And often those individual elements are more interesting than the whole that’s marketed to tourists. One of my fondest memories of fallas was one of the societies that had cooked a giant paella and was selling racions to passers-by for 5 euro to raise funds. Add another euro for a beer and it was a bargain on-the-hoof lunch. Spanish food cooked the authentic way.

Last year I came across a mention of L’Aplec del Caragol, a weekend when Lleida celebrates snails. It’s a city that’s quick to get to by train from Barcelona, and the event coincided with a bank holiday in England, so it was too tempting to resist. Especially as flights to Spain can, with a little planning, often be bought for less than train tickets to somewhere else in England.

It was a fun few days. Which started me wondering how many similar events there might be. For once, GInYF (Google Is not Your Friend) here. That’s not hugely surprising because these events are very localised. I don’t suppose, for example, that huge numbers of people outside of Lincolnshire have heard of the World Egg Throwing Championships.

So I’ve started a little list to try to capture Spanish events that might be worth a look. Think of it as a bucket list for me and anyone else interested in trying to get a better feel for Spain.

Semana Santa, Fallas, and the running of the bulls in Pamplona aren’t on the list because they are too “obvious”.
Seville’s April fair is on the list because I haven’t done that yet, even though it should fall into the obvious category.
The Three Kings, which I’ve seen a few times, is only on the list because I wonder whether there are less obvious places to spend the night of Jan 5.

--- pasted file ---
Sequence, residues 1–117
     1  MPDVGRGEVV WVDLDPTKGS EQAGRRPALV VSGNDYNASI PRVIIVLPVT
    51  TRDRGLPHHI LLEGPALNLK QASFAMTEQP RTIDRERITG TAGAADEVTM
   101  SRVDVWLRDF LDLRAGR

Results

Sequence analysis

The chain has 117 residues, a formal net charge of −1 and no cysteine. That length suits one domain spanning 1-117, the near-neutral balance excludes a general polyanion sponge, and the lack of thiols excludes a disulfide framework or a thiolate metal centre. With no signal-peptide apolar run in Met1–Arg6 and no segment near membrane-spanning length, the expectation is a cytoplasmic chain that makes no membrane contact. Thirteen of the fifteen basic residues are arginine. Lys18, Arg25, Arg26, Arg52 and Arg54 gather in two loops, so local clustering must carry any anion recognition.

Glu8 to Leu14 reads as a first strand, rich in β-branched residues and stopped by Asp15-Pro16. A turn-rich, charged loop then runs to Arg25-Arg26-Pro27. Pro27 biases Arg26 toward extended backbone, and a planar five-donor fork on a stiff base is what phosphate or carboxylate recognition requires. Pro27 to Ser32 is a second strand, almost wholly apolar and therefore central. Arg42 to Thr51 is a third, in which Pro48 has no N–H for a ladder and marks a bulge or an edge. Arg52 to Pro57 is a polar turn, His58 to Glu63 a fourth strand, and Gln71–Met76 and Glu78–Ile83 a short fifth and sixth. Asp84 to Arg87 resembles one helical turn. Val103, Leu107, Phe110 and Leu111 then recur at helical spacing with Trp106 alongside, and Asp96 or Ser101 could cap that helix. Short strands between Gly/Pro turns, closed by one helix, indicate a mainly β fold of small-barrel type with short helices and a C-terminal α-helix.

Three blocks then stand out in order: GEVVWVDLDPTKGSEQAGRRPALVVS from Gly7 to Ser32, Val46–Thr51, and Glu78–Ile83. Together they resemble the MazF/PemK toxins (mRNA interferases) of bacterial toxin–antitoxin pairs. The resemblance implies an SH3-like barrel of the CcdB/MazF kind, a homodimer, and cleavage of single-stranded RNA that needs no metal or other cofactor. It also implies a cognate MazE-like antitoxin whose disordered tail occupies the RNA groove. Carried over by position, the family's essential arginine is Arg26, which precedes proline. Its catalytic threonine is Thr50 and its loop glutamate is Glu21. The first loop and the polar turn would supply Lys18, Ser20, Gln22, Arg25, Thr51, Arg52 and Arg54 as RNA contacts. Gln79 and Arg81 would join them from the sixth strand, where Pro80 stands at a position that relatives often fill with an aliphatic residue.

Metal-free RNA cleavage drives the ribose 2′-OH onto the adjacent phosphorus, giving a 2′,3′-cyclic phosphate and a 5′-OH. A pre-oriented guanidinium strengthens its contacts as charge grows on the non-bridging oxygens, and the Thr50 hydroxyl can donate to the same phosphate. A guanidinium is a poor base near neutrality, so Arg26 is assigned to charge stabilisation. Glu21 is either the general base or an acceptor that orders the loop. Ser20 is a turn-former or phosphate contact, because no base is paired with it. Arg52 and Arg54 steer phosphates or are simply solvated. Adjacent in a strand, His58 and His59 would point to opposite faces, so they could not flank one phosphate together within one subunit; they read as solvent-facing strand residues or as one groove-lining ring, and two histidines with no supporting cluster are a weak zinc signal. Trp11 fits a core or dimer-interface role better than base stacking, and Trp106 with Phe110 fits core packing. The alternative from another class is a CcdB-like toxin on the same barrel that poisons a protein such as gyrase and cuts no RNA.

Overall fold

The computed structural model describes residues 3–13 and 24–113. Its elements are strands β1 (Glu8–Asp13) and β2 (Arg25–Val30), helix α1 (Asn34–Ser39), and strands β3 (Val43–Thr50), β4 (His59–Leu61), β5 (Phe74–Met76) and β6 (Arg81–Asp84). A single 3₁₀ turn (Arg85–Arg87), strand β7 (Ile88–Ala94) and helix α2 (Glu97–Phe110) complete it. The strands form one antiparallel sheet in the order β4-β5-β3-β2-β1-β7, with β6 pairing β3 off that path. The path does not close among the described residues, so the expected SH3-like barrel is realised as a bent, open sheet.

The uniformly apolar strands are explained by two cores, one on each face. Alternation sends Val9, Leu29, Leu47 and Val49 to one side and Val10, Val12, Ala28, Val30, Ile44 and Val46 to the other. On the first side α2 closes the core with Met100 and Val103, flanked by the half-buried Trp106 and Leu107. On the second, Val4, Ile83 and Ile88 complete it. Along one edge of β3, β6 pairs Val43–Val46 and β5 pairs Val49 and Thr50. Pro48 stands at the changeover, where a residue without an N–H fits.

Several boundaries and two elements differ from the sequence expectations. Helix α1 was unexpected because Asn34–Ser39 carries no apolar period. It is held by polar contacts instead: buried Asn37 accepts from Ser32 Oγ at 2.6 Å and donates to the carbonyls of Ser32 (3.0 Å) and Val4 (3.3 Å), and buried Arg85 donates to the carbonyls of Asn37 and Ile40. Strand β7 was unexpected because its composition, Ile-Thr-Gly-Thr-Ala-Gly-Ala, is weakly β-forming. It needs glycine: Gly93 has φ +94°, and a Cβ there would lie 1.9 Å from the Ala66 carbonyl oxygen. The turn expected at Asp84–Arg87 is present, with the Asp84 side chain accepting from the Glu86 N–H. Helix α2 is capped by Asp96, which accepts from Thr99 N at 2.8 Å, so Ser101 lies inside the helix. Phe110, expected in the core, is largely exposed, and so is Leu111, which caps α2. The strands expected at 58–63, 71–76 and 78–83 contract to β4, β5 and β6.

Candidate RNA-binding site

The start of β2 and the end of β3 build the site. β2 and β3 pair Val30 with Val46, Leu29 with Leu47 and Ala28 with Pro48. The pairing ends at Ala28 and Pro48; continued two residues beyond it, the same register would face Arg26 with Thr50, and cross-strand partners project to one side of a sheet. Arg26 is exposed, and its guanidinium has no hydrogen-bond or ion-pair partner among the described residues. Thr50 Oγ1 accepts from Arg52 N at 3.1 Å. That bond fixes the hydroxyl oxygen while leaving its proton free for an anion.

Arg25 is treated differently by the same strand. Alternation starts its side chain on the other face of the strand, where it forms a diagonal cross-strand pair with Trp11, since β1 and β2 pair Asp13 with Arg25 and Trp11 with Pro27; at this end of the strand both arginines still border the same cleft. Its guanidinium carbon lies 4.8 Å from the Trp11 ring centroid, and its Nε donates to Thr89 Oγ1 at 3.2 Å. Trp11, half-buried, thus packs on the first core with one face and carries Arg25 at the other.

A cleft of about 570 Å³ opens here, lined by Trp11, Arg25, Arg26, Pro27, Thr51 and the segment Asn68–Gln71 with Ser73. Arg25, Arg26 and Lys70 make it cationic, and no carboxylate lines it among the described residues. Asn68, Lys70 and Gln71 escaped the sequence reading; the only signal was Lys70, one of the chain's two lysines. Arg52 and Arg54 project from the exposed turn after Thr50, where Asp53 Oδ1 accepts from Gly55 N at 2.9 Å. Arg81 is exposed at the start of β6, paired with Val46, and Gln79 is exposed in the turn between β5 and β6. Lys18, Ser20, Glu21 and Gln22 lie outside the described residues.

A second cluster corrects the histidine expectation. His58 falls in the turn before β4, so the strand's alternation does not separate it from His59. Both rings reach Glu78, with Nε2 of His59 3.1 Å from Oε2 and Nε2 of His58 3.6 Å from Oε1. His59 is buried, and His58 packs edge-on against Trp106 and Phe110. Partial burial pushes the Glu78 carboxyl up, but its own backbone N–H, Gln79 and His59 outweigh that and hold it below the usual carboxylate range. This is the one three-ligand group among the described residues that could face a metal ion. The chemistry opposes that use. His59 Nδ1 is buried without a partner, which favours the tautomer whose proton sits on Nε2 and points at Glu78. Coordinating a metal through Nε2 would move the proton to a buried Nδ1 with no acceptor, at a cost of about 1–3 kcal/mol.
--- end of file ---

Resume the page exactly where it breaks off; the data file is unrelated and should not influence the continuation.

The best I’ve found so far (after a very brief wander around the internet in my lunch break) that represent what I’m looking for are possibly Carnival in Cadiz or Las Hogueras de San Juan in Alicante. I’m aware of Tomatina, assorted Moors and Christians events (Alcoy is supposed to be the best?), and a baby-jumping festival so they will probably get added soon.

Other suggestions are very very welcome. Not only for my benefit, but also for anyone else with more than a passing interest in Spain. Add them to the comments and let’s see how big a list we can compile for everyone’s benefit.

The 12 plates of Christmas

I’m an atheist, and really don’t like tawdry commerciality, so I don’t really do Christmas. The holiday does, though, provide a reason (if one’s needed) to hibernate and eat. If only there was a tick box for food in the religion section of the census. So, without further ado bring on the 12 plates of Christmas.

The turkey has been bought. Though it would probably be more traditional, and preferable, to have a goose.

Ditto the ham.

And the beef. So there should be some decent packed lunches to take to work next week.

Not forgetting the venison.

And there’s a couple of kilos of tiger prawns in the freezer. They’re best served a la plancha with plenty of chilli in the oil

There’s also a duck in the freezer, along with some Chinese pancakes.

Or a large jar of confit for making cassoulet.

Though it would have to be done with chorizo (cooking and eating varieties from Galicia) because there isn’t any Toulouse sausage.

But there are wild boar sausages

With Old Spot smoked back bacon for a serious breakfast

Rather than Stilton there’s a wedge of organic Caerphilly

And the Cava is chilling nicely. Cheap stuff from the supermarket for the bucks fizz, and some quality bottles brought back from Spain for dinner.

Here’s hoping you all have a good holiday.

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The good, the bad, and the fugly

This is a list best presented without any further comment:


1. Germany (too smelly)

2. England (too lazy)

3. Sweden (too quick)

4. Holland (too dominating)

5. America (too rough)

6. Greece (too lovey-dovey)

7. Wales (too selfish)

8. Scotland (too loud)

9. Turkey (too sweaty)

10. Russia (too hairy)


1. Spain

2. Brazil

3. Italy

4. France

5. Ireland

6. South Africa

7. Australia

8. New Zealand

9. Denmark

10. Canada

And before you ask. It’s from a survey conducted by OnePoll.com and reported in the Telegraph.